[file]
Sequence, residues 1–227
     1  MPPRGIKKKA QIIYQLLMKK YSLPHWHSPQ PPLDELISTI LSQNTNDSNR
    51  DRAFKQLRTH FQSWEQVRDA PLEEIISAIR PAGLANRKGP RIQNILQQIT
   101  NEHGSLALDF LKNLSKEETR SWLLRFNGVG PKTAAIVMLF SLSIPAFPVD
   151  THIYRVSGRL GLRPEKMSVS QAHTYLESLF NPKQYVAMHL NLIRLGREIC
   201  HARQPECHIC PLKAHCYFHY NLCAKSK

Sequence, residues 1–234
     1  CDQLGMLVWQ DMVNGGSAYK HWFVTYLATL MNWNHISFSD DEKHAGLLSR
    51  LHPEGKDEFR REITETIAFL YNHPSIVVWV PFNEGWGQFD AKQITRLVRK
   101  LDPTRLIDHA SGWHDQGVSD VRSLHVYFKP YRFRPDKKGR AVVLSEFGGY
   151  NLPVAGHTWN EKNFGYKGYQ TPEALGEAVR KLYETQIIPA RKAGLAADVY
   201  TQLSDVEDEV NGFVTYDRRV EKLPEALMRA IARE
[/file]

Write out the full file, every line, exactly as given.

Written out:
Sequence, residues 1–227
     1  MPPRGIKKKA QIIYQLLMKK YSLPHWHSPQ PPLDELISTI LSQNTNDSNR
    51  DRAFKQLRTH FQSWEQVRDA PLEEIISAIR PAGLANRKGP RIQNILQQIT
   101  NEHGSLALDF LKNLSKEETR SWLLRFNGVG PKTAAIVMLF SLSIPAFPVD
   151  THIYRVSGRL GLRPEKMSVS QAHTYLESLF NPKQYVAMHL NLIRLGREIC
   201  HARQPECHIC PLKAHCYFHY NLCAKSK

Sequence, residues 1–234
     1  CDQLGMLVWQ DMVNGGSAYK HWFVTYLATL MNWNHISFSD DEKHAGLLSR
    51  LHPEGKDEFR REITETIAFL YNHPSIVVWV PFNEGWGQFD AKQITRLVRK
   101  LDPTRLIDHA SGWHDQGVSD VRSLHVYFKP YRFRPDKKGR AVVLSEFGGY
   151  NLPVAGHTWN EKNFGYKGYQ TPEALGEAVR KLYETQIIPA RKAGLAADVY
   201  TQLSDVEDEV NGFVTYDRRV EKLPEALMRA IARE